As All-Star Superman: Year 2 hits its second issue, it seems evident that Morrison is moving the book in a slightly different narrative direction. Where the first 6 issues were only loosely connected, each issue in this next movement would appear to lead directly into the next. And if issues 7 and 8 are any indication, this isn't an entirely good idea: in the grand, kitschy tradition of the golden and silver age comics that Morrison is emulating, an argument on the second page is little more than expository dialogue aimed at refreshing the reader's memory. "I already explained..." says Superman, to which Zibarro replies, "And I explained to you..." It's cute, I suppose, but unavoidably awkward. Issues 1 and 2, as well as 2 and 3, were also somewhat linked and yet Morrison never resorted to this sort of cheesy recapping.
Morrison actually increases the campiness of the comic as it progresses, though his subsequent choices seem better reasoned. The Ancient Bizarro Anthem is as strange as it is unsettling, and Superman's manipulation of the Bizarros is simultaneously clever and obvious. The Bizarro speech should also get old - and maybe it would have if issues 7 and 8 had been released four weeks apart - but Morrison manages to keep the joke fresh, with Bizarro Wonder Woman's appearance in the Unjustice League providing a particularly absurd and wonderful moment.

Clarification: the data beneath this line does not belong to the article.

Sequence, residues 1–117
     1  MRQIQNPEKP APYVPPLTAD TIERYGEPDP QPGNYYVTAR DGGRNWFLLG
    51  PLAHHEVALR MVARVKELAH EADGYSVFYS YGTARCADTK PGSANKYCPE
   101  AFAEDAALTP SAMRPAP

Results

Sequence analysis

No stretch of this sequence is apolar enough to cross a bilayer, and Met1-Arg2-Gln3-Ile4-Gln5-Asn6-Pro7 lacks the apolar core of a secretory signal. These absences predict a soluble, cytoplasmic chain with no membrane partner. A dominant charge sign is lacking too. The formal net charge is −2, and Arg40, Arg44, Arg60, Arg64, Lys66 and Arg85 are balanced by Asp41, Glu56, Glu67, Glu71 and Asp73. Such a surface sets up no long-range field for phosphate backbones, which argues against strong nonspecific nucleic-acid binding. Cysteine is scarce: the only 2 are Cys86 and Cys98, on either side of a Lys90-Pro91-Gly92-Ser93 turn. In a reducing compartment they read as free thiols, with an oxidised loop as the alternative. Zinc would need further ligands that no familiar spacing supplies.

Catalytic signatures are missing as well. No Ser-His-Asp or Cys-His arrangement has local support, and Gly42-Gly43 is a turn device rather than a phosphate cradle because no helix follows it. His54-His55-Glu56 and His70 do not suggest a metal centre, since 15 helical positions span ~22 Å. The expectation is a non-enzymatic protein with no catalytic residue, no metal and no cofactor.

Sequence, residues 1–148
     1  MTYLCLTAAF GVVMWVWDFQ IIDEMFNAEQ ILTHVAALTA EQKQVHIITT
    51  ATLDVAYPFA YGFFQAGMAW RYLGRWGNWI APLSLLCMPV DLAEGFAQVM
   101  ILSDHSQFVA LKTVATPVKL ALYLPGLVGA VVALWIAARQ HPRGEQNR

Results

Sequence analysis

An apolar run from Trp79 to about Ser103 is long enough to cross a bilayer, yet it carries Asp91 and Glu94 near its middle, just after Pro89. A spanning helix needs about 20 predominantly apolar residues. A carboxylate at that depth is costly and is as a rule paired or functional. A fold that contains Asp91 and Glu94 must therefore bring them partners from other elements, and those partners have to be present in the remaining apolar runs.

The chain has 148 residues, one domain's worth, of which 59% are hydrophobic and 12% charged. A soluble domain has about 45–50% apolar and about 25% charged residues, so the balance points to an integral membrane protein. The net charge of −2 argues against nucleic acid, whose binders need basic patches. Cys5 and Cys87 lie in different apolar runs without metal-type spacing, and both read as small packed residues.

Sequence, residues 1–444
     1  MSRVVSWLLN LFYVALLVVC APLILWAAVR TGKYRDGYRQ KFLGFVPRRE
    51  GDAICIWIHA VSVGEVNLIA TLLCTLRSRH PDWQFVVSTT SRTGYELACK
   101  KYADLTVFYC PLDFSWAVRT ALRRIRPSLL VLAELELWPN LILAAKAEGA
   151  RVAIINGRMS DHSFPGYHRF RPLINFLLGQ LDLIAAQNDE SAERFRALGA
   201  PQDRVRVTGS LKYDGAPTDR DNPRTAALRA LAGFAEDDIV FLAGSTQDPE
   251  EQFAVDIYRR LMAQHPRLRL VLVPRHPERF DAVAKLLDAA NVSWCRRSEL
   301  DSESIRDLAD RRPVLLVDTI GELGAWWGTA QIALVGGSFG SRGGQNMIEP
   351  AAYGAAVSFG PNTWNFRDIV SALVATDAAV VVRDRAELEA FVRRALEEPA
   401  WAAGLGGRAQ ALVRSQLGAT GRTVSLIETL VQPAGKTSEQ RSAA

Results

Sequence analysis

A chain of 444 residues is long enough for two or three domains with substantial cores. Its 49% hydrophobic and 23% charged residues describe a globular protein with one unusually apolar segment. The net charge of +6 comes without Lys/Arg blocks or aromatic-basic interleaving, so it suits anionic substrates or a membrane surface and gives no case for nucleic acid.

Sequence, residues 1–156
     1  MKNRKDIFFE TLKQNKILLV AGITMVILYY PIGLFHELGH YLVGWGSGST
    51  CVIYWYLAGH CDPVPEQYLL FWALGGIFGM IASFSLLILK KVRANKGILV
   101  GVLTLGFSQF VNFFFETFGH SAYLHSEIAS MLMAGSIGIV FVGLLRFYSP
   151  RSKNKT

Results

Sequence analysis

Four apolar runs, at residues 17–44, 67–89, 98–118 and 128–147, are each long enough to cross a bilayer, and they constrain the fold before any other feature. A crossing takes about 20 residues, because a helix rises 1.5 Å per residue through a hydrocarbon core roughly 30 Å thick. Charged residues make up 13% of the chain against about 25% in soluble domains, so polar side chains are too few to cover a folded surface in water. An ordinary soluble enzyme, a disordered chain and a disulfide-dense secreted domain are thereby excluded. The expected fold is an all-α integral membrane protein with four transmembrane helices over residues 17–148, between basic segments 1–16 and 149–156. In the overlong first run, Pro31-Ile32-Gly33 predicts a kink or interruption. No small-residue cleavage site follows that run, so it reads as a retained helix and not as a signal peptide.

The real star of this issue, though, is Zibarro. Recalling that all the best issues of this series have been focalized through some other cast member - Lois in 2, Jimmy in 4, Lex in 5, and young Superman in 6 - Morrison again pulls away from Superman and makes Zibarro the center of the story. In many ways, Zibarro seems to stand for the incredulous reader who has no time for infantile Bizarro-talk and feels above the material to which Morrison is paying homage. At first insufferable, Zibarro grows on us. He's drawn with incredibly sensitivity by Quitely - just look at him in the pages where he realizes there's only space for one on the ship, and then when he ties Superman to the ship - and he comes to stoically accept a tragic end as Bizarro World returns to the Underverse. It's not on par with the funeral for Pa Kent, sure, but it'll do.